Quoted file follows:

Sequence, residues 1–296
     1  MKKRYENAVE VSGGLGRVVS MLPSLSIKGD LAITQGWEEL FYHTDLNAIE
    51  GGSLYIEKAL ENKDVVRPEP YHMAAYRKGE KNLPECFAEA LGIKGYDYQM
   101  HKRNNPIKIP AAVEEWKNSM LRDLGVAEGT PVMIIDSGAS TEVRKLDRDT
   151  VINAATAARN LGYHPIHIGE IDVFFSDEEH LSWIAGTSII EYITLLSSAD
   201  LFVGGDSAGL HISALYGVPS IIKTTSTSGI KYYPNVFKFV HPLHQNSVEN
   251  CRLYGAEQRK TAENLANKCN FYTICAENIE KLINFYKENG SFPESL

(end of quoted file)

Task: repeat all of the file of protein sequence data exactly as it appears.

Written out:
Sequence, residues 1–296
     1  MKKRYENAVE VSGGLGRVVS MLPSLSIKGD LAITQGWEEL FYHTDLNAIE
    51  GGSLYIEKAL ENKDVVRPEP YHMAAYRKGE KNLPECFAEA LGIKGYDYQM
   101  HKRNNPIKIP AAVEEWKNSM LRDLGVAEGT PVMIIDSGAS TEVRKLDRDT
   151  VINAATAARN LGYHPIHIGE IDVFFSDEEH LSWIAGTSII EYITLLSSAD
   201  LFVGGDSAGL HISALYGVPS IIKTTSTSGI KYYPNVFKFV HPLHQNSVEN
   251  CRLYGAEQRK TAENLANKCN FYTICAENIE KLINFYKENG SFPESL